For years, it has been rumoured that the beloved Shenmue and Shenmue II would be getting remastered.  Then when Shenmue III was announced at E3 2015 with a record-breaking Kickstarter campaign, it was only a matter of time until the rumoured remaster become a reality.  It may have taken Sega much longer than expected, but finally the first two Shenmue games are remastered, albeit somewhat of a light remaster, but still, it’s great that fans can now experience the titles in glorious HD for PC, PS4 and Xbox One.  It also gives those that missed the initial releases that want to jump aboard the Shenmue III hype train, an opportunity to experience why this series is held in such high regard by fans.

Returning fans to the series will be well aware of this epic revenge tale, but for those new to the series, I won’t spoil anything here, so fear not, but I will gloss over the story for the benefit of this review and those considering picking up these titles for the first time.  Set from 1986, you play as teenager Ryo Hazuki, brought up in a life of martial arts by this father and sensei, Iwao who was murdered by a mysterious Chinese man by the name of Lan Di with Ryo’s father dying in his arms; Lan Di was after an artifact known as the Dragon Mirror.  This sparks a relentless investigation by Ryo as he aims to discover the meaning of the Dragon Mirror and gain revenge against the man that murdered his father.  The adventure starts from his home town of Yamanose, Yokosuka Japan to the mean streets of Hong Kong throughout the course of both games.

While some may still view the Shenmue series with nostalgia tinted goggles (and I may very well be one of those to a degree), even when the first game released in 2000 (or 1999 in Japan), I was well aware that the game was very clunky at times to manoeuvre Ryo and it still is.  In fairness to Sega, the kind of revamping that the gameplay would require to truly fix this chunkiness, would more than likely need the games to be re-built from the ground up, hopefully this issue won’t be present in Shenmue III, which is set to release next year.  So with that said, you’ll need to go into these remasters with the mindset that manoeuvring Ryo can still be awkward, which may be more of an issue with newcomers to the series.  But if you can look past that, just as I did in 2000, you might just experience that unique magical charm that this series has to offer.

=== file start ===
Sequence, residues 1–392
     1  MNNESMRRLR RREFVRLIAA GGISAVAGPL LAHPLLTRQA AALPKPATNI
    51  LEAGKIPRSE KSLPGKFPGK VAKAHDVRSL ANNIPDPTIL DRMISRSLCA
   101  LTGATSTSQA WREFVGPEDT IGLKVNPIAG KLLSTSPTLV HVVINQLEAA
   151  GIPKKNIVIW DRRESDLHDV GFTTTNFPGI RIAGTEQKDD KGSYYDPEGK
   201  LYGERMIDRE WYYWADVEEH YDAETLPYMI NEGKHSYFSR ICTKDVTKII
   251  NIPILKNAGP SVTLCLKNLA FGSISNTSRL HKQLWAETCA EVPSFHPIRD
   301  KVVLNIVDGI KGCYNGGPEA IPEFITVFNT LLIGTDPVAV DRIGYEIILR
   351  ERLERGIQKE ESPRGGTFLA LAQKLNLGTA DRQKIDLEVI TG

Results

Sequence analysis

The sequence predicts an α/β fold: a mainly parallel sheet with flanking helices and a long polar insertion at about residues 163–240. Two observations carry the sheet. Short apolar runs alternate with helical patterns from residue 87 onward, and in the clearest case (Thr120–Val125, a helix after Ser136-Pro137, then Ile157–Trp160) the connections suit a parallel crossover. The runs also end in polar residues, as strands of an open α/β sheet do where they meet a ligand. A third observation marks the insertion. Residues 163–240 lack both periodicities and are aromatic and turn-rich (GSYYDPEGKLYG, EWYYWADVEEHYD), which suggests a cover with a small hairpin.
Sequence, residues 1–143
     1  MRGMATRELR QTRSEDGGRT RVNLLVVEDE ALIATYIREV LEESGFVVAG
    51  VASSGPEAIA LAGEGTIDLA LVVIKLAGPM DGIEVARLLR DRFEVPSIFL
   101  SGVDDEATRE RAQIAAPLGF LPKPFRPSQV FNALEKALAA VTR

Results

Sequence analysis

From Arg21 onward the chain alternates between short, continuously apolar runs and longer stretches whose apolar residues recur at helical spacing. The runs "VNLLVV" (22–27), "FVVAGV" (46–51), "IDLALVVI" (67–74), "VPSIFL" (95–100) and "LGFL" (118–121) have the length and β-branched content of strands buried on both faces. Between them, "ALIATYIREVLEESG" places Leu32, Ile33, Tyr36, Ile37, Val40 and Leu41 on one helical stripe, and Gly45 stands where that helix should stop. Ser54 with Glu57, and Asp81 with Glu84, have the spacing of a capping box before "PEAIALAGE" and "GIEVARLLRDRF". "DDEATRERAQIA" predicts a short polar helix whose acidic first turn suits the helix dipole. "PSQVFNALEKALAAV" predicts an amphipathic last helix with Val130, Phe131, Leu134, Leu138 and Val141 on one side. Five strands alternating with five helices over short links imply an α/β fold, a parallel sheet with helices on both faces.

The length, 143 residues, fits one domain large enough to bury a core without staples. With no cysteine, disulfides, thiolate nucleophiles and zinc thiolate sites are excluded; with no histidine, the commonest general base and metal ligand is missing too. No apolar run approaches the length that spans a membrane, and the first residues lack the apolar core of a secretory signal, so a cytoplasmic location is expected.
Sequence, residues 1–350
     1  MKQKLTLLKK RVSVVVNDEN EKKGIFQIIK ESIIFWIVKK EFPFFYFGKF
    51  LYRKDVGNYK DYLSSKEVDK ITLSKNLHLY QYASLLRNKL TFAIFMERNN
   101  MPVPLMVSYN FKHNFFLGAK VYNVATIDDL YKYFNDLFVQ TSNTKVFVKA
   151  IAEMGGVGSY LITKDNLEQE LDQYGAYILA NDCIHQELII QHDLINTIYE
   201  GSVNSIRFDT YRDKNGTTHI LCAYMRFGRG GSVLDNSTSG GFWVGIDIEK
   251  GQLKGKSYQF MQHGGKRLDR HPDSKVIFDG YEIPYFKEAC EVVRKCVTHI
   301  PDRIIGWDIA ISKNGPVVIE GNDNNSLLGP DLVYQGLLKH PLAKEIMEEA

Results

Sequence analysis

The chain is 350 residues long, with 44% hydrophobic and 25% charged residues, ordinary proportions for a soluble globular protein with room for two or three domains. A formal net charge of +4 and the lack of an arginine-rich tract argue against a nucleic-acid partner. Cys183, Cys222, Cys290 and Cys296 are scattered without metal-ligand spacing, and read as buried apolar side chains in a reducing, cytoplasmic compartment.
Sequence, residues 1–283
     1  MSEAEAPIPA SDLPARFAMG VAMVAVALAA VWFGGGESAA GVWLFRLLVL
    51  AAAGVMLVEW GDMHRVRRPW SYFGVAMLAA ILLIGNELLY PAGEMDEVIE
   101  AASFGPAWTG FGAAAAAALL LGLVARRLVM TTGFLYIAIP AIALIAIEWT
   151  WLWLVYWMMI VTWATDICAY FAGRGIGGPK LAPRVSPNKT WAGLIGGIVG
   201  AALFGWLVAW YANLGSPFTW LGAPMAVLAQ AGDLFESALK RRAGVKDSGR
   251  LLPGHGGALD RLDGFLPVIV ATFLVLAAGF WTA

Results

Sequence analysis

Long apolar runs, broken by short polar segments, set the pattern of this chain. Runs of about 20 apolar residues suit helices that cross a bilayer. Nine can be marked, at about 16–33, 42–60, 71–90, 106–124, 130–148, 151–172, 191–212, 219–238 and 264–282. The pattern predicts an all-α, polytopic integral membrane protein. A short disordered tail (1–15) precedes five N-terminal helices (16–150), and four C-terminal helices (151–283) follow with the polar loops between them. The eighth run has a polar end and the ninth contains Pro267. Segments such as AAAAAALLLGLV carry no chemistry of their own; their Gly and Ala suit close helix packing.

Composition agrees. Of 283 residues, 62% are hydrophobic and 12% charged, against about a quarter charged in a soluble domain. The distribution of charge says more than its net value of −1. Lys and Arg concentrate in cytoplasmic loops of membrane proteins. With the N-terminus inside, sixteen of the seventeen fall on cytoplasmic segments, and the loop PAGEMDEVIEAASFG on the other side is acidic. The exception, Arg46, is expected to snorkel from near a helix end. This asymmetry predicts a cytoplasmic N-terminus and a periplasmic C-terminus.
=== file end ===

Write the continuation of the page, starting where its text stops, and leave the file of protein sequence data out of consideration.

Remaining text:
These re-releases/remasters also come with improved HD visuals, although at the time of writing there are no major benefits when playing on a PS4 Pro or Xbox One X, however the PC version has far more graphical options.  The user interface is also a little tidier and easier to navigate, you can choose to have the original or new Bloom visual effect, and you can select to have either the English or Japanese voice-actors for both games, and you can choose to view the game in its original form of 4:3 or 16:9 aspect rations.  Now the wide-screen option should be a great feature to have, but at least in my experience when playing on the PS4, choosing this option has resulted in me having a glitch that blacks out the screen when in cut-scenes, even though I can hear the dialogue and the sub-title text appears on screen.  So for that reason, until the game is patched and fixed, I’ve had to play it in the 4:3 aspect ratio format, which is a frustrating shame.  Another issue that I encountered is that after one or two cut-scenes, I would enter a permanent 1st-person view for which I couldn’t escape and the only way to leave, would be to exit the game and reload my previous save.  Which by the way, get in the habit of saving a lot in these games, just to be safe, as it would be very disheartening to loose progress due to an unfortunate glitch.

One element that hasn’t been improved upon however, is the quality of sound during dialogue.  Back in 2000 and 2001, the quality of sound can be forgiven somewhat, but to hear the tiny/echoing dialogue still being present in a 2018 remaster, isn’t quite as forgivable.  Now of course I’m no developer, but clearing up that audio would have gone a long way with many fans and newcomers, unless you want that nostalgic authenticity, but if that was the case, perhaps having the choice of two audio quality options would have catered well for fans on either side of that fence.